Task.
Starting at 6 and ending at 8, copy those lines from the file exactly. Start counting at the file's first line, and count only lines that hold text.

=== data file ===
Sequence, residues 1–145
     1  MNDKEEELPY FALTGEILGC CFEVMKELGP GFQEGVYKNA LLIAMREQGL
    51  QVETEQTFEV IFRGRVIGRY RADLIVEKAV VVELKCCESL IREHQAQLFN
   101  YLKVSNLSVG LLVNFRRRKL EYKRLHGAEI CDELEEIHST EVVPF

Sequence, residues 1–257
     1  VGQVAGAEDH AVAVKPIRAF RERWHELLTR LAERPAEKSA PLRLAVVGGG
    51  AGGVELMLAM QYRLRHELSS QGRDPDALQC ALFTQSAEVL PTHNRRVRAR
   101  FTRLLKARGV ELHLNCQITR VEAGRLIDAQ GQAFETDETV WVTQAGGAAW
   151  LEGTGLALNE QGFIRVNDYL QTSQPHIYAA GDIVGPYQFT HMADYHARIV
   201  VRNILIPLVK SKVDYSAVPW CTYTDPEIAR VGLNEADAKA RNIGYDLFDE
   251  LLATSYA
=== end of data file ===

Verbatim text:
     1  VGQVAGAEDH AVAVKPIRAF RERWHELLTR LAERPAEKSA PLRLAVVGGG
    51  AGGVELMLAM QYRLRHELSS QGRDPDALQC ALFTQSAEVL PTHNRRVRAR
   101  FTRLLKARGV ELHLNCQITR VEAGRLIDAQ GQAFETDETV WVTQAGGAAW